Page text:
The Changes to the Border on the Island of Santo Domingo


During the first half of the XX century the original limits between the Dominican Republic and Haiti went through profound changes. These changes created the Dominican-Haitian border as is known today. What many Dominicans and foreigners don’t know is that the Spanish part of the island of Santo Domingo had an area of 54,642 km2 (72% of the island). That was the original territory that the Dominican Republic inherited on February 27, 1844, the day the country became independent. 92 years after the independence was acheived, the Dominican territory suffered a land loss that reduced the territory today’s 48,442 km2 (64% of the island).

The 1697 Treaty of Ryswick

On September 20, 1697; Spain and France signed the Treaty of Ryswick (the treaty has the name of the Dutch town where it was signed) where, among other things, Spain officially recognizes the French presence on the western coast of Hispaniola. With this treaty the Spanish control of the entire island that initiated in 1492 comes to an end (205 years of islandwide Spanish rule). There is an important detail in the Treaty of Ryswick which is that it only recognizes the French presence on the western coast of the island, but it doesn’t designates where exactly the Spanish territory ends and the French territory begin.

The Immigration of Spanish Families from the Canary Islands to Stop the French Expansion

The lack of a definite limit between Spain and France on the island of Santo Domingo, the French took the liberty of constantly penetrating and settling Spanish territory. In effect, via settlements the French pretended to expand its domain on Hispaniola, gradually expanding away from the original western coasts that Spain had recognize as French territory. In order to stop the constant French expansion, Spain decides to incentivize the immigration and settling of Spaniards from the Canary Islands. With this immigration Spain intended to increase the population of Spanish Santo Domingo in order to make it more difficult for the French to penetrate and settle further into Spanish territory.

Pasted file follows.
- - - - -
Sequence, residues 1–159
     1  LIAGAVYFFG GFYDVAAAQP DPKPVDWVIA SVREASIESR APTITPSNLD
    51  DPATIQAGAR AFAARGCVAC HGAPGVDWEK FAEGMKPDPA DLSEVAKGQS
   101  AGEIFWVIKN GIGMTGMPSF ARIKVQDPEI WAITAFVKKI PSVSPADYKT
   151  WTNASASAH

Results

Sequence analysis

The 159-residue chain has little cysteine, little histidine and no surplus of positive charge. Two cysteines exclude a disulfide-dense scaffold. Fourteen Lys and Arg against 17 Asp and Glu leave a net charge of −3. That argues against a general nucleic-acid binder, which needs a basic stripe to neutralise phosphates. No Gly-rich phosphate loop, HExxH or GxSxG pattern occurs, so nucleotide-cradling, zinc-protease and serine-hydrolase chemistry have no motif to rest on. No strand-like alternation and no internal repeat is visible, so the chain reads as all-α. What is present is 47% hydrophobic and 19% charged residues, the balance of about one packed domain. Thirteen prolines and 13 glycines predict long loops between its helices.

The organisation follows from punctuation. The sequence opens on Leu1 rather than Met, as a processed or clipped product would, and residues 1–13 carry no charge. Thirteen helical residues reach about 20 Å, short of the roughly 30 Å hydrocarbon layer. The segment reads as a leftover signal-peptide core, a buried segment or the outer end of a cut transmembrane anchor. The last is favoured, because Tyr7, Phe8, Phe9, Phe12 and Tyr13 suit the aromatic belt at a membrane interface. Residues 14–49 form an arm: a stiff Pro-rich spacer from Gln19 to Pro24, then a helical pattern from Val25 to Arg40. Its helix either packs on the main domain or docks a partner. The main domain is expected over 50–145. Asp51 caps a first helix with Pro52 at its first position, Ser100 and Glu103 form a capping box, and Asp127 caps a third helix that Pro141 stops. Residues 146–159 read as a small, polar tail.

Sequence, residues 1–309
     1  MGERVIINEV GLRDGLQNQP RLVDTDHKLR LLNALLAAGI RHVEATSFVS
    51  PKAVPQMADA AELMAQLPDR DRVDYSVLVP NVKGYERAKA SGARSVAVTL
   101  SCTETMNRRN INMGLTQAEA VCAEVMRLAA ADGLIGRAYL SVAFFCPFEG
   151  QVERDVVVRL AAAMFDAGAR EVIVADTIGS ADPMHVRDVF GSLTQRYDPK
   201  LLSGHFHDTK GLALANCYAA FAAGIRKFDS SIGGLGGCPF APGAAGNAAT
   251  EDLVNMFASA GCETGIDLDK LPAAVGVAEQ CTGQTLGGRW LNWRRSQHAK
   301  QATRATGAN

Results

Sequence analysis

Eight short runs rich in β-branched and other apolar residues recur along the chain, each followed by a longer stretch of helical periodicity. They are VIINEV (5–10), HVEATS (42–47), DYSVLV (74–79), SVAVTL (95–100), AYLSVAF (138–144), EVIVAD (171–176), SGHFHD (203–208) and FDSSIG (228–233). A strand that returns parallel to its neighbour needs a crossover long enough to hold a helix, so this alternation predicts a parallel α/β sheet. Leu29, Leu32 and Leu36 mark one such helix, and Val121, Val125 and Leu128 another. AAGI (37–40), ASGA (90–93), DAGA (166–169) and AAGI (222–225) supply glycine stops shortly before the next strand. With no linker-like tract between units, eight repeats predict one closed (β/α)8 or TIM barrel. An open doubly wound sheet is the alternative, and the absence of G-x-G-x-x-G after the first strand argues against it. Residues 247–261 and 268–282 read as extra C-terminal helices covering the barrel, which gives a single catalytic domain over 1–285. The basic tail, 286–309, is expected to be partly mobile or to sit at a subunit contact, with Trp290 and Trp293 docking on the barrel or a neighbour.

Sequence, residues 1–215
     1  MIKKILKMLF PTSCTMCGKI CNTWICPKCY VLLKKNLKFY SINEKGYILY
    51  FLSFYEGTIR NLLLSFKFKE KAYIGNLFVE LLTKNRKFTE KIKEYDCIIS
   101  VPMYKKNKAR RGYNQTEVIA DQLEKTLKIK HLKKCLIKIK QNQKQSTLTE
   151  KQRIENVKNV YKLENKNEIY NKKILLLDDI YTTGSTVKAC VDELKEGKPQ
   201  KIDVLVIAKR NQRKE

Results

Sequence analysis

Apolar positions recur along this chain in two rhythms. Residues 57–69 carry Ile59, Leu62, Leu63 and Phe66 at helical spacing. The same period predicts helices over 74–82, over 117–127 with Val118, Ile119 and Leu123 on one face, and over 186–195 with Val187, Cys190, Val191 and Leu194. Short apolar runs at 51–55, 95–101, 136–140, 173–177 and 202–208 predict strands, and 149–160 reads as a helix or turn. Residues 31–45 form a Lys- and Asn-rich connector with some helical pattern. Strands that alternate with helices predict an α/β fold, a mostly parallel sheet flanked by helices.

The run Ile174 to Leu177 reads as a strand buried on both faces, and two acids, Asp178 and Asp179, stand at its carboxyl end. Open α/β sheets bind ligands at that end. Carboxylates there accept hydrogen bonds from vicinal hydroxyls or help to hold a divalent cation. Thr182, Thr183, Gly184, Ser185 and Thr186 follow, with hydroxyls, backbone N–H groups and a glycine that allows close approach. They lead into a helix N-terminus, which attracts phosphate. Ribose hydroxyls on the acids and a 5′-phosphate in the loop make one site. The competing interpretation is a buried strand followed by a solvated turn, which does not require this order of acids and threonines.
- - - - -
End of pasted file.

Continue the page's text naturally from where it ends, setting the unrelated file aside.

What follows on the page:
The 1776 Treaty of Atalaya and the 1777 Treaty of Aranjuez

While the immigration of thousands of Spanish families from the Canary Islands greatly helped in slowing down the French expansion, Spain still felt the need to formalize the border limits with two treaties. The first treaty was signed on February 29, 1776 in San Miguel de la Atalaya (then a Spanish town on the frontier, but in 1929 the town was ceded to Haiti; today its formal name is Saint-Michel De L’Atalaye), hence the name Treaty of Atalaya. The second treaty was signed on June 3, 1777 in the Aranjuez, a town 45 kilometers from Madrid, Spain; and, as happened with the first treaty, this treaty also takes the name of the town where it was signed.

Haiti Claims Frontier Territory 

When the Dominican Republic gains its independence in 1844, the Dominican territory was comprised of the old Spanish part of the island of Santo Domingo and its border limits were those agreed upon in the Treaty of Aranjuez in 1777. However, as soon as the Dominican Republic becomes independent, Haiti begins to claim many km2 on the Dominican frontier. Officially, Haiti pretended to take over the Dominican towns of San Rafael de la Angostura, San Miguel de la Atalaya, Concepción de Hincha, San Gabriel de Las Caobas, and other Dominican towns on the frontier. All these towns were founded int he XVIII century by hundreds of Spanish families from the Canary Islands. Due to the claims made by Haiti, which were always rejected by the Dominicans, the Dominican-Haitian frontier was often the scene of much social and military friction.

The 1929 Frontier Treaty 

On January 21, 1929 the Dominican Republic and Haiti signed a border treaty that meant to put an end to the border disputes. The border line dictated in the treaty was detrimental to the Dominicans, but accepted in order to put an end to 85 years of turbulent frictions with Haiti. The treaty was signed by Dominian president Horacio Vásquez. On that day, the Dominican Republic ceded 8% of its original territory to Haiti.

The 1936 Revision to the 1929 Frontier Treaty